from Books & Reviews
The reviewer is a "reparative-therapy graduate" who found The Quest for Maleness to be relevant in his own transition out of a gay lifestyle. He is a former financial and marketing consultant for IBM who now works as a real-estate investor in Sonoma County, California.
The author of this book, Theun Mares, is a New Age teacher whose philosophy evolved from the Toltec (native Mexican) perspective. Other Toltecs teachers include Carlos Castaneda, Don Miguel Ruiz, and Victor Sanchez. New Age Toltecs have adapted ideas from old Native Mexican tradition and updated them to offer guidance in today's world.
Mares' philosophy offers the model for male consciousness which I have found most relevant in my own life and transition out of homosexuality. Other prominent models of male consciousness include the Judeo-Christian, Mythic/Poetic (from Robert Bly, author of Iron John: A Book About Men), and the Gay-Affirmative/Feminist. Different models, of course, speak to different individuals.
The Quest for Maleness is an explanation of Mares' theory of masculinity. He investigates myths such as "Men Don't Cry...Men are Aggressive... Men are Strong ... Men Must Be Successful... Men are Sexual Studs," and develops a theory around his understanding of men's innate drives and also their potentialities. The goal of life for a man is to reach his true potential.
The author's philosophy of gender is that men are naturally active, while women, from the time they leave the womb, are inherently more passive. The male strives toward a greater awareness, while the female tends toward preservation. The male strives to grow toward his full potential, while the female already is. The two polarities of male and female create a whole.
Mares states that the male is the leader, in search of his full potential, and thus points the way to others, even to women. However the male must be constantly open to guidance from the female, whose natural ways of knowing make her more grounded.
The author believes that a natural aspect of maleness is to seek enjoyment and to be prone to succumb to excesses. Men indulge themselves in activities of every kind--alcohol, drugs, food, exercise, the radical pursuit of fitness. A majority of men, he believes, have same-sex erotic experiences as they grow up even though most of them know they are heterosexual. But some men, he says, out of their sexual insecurity, succumb to homosexuality because "they abandon themselves to the experience," just as other men abandon themselves to sensual diversions and excesses of other kinds.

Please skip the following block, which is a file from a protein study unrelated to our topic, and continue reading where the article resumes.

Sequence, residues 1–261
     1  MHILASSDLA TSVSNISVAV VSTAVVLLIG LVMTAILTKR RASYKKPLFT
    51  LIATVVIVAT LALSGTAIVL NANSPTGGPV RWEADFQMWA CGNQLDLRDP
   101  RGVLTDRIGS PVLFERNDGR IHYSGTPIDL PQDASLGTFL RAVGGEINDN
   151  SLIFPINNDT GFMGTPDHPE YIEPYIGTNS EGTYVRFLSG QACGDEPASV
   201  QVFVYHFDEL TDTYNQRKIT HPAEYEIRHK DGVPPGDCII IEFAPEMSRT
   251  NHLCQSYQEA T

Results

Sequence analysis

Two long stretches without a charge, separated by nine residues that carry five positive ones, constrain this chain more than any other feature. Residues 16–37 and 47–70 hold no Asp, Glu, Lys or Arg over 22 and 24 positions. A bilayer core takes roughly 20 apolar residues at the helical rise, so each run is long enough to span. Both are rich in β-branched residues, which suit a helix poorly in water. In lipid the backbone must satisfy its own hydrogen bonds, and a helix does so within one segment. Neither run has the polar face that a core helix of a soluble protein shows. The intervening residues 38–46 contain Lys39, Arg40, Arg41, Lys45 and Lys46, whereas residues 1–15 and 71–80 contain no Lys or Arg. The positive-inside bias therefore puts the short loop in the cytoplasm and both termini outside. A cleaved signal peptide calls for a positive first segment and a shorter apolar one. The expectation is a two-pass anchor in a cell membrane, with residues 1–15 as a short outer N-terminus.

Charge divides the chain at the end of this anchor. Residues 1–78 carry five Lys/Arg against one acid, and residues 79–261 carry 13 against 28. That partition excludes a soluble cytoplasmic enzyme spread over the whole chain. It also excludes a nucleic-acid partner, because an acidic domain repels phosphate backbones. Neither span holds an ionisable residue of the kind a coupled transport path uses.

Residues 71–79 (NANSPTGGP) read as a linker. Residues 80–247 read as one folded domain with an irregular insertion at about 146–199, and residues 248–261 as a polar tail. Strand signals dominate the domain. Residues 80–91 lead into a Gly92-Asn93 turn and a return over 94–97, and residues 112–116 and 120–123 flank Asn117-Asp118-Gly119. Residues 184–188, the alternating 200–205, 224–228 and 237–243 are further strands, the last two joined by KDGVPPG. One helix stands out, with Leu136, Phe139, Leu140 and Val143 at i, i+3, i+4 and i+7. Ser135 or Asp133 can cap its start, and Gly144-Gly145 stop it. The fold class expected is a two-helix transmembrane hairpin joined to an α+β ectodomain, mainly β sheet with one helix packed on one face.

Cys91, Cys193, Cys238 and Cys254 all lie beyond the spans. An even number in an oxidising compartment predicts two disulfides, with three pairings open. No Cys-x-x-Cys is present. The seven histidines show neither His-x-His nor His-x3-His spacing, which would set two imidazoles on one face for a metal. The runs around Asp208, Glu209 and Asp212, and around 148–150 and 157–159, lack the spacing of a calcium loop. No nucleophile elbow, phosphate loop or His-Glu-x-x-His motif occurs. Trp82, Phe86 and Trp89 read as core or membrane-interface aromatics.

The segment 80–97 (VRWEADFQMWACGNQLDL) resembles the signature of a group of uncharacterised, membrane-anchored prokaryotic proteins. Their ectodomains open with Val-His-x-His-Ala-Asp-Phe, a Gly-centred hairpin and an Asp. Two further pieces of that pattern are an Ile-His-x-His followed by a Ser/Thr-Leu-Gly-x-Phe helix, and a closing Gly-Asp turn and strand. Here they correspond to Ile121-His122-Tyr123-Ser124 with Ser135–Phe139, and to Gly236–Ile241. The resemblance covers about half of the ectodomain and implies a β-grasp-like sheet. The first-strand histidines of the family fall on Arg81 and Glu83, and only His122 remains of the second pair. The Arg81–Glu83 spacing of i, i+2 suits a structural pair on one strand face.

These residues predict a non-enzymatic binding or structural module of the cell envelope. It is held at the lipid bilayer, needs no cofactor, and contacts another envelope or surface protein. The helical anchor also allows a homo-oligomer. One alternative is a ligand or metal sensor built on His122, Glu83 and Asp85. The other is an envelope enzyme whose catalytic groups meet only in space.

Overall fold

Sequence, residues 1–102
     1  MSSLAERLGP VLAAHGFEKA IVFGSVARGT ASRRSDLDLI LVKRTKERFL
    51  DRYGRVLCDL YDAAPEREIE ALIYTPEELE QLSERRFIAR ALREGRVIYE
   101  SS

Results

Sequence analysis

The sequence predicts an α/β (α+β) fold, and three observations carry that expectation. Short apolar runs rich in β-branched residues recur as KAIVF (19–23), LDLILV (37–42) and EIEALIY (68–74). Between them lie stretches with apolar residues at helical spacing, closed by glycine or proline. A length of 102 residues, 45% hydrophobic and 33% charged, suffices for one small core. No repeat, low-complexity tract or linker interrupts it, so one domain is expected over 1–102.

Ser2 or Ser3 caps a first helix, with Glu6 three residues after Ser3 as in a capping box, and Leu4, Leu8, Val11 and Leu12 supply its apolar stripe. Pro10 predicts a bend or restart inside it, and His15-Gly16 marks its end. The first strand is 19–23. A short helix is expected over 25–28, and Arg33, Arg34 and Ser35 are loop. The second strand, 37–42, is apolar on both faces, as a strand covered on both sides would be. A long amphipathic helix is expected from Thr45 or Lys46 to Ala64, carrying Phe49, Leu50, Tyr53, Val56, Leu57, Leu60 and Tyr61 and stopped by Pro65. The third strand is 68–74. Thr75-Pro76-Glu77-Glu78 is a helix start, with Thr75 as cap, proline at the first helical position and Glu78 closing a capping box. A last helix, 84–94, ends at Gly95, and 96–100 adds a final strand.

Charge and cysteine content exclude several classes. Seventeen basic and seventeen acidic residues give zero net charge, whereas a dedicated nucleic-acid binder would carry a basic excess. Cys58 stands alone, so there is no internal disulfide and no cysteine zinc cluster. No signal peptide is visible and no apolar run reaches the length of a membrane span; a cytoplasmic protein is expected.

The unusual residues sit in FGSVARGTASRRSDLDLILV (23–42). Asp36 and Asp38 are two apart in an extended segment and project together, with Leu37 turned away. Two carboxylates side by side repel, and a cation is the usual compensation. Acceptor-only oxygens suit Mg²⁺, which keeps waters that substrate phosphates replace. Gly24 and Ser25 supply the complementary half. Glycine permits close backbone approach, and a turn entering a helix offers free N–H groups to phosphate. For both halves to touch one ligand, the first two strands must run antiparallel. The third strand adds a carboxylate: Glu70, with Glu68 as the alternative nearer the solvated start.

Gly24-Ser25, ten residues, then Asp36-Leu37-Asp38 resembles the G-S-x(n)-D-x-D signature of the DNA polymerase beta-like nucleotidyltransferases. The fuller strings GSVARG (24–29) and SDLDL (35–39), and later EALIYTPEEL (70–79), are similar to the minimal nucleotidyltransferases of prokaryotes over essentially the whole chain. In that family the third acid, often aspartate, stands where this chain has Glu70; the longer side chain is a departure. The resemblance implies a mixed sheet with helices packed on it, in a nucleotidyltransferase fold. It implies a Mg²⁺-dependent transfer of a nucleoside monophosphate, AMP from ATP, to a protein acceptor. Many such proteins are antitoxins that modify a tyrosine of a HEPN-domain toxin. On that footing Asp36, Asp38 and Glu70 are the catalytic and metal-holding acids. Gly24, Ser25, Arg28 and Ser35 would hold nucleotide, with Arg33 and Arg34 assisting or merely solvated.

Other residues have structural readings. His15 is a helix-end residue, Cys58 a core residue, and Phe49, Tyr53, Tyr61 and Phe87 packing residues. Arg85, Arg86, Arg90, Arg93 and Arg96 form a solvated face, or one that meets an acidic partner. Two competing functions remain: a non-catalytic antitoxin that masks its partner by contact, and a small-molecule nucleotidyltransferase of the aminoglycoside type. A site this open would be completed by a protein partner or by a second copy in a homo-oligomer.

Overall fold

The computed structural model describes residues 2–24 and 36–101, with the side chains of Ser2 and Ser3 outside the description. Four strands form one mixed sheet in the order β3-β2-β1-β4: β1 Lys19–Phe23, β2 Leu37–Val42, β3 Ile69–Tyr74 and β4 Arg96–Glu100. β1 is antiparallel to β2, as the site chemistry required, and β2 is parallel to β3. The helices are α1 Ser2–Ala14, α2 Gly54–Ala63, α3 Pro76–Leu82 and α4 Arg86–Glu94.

A small portion of the book--ten pages out of 228--deals with homosexuality. Mares sees homosexuality as contrary to "Male Truth," because men who do not include women will live unbalanced lives by elevating the masculine above the feminine. "This is a far cry from remaining true to our gender" (of union with the female), because "unless we remain true to our gender" (and unite with the female), "we cannot possibly unfold our true potential," he says.
Gay couples cannot evolve to their fullest potential because one male takes the female role, and the "femme"--who invariably feels the most inadequate about his masculinity--looks to another man to take the lead so he can be "fertilized." He'll always be "empty," however, no matter how much sex he has, because he cannot "conceive." He seeks out additional men, longing for fulfillment, "not realizing it is his own masculine potential he longs for."
Neither can the "top" find fulfillment, because although he's more masculine than the bottom, he knows his partner will never get pregnant, and their relationship lacks the creative potential it would have if it had been endowed with natural male-female polarity.
Mares states that "I personally do not sit in judgment of homosexuality," and he admits that he himself has had homosexual experiences.
Are some men born homosexual? No, he says; "All men are born with a masculine potential which it is their duty to unfold."
His perspective reflects that of many native peoples from the developing world who believe that homosexual relationships can lay the groundwork for a boy's eventual manhood and marriage to a woman. But "the problem with most people [homosexuals] is that they like to indulge in the experience, rather than treating it as a learning curve which brings not only a gift of knowledge, but also the keys to liberation from that challenge." Then Mares strays to the New Age Left when he implies a belief in reincarnation, saying that some men consider themselves homosexual "because of many lifetimes of imbalance."
Most men receive modeling from their fathers, but gay men typically receive less male modeling from their fathers than do straight men. A model or mentor is essential for men coming out of homosexuality, providing guidance and direction during a confusing time when a struggler is changing lifestyles, beliefs, friends, sexual expression, and relationships. Growth outward toward women requires masculine strength and new relationship skills, and a mentor speaks to each man's dream of bonding with a woman. A mentor not only evokes a powerful heterosexual masculinity, but also is capable of offering an intelligent explanation of why the homosexual path is deviant.
Rather than being based on biblical revelation--to which only a particular faith community will be receptive--the mentor's advice can be based in an experiential point-of-view which calls on an intuitive awareness of nature and is grounded in the Force that created each one of us. For this purpose, Mares' book offers helpful guidance.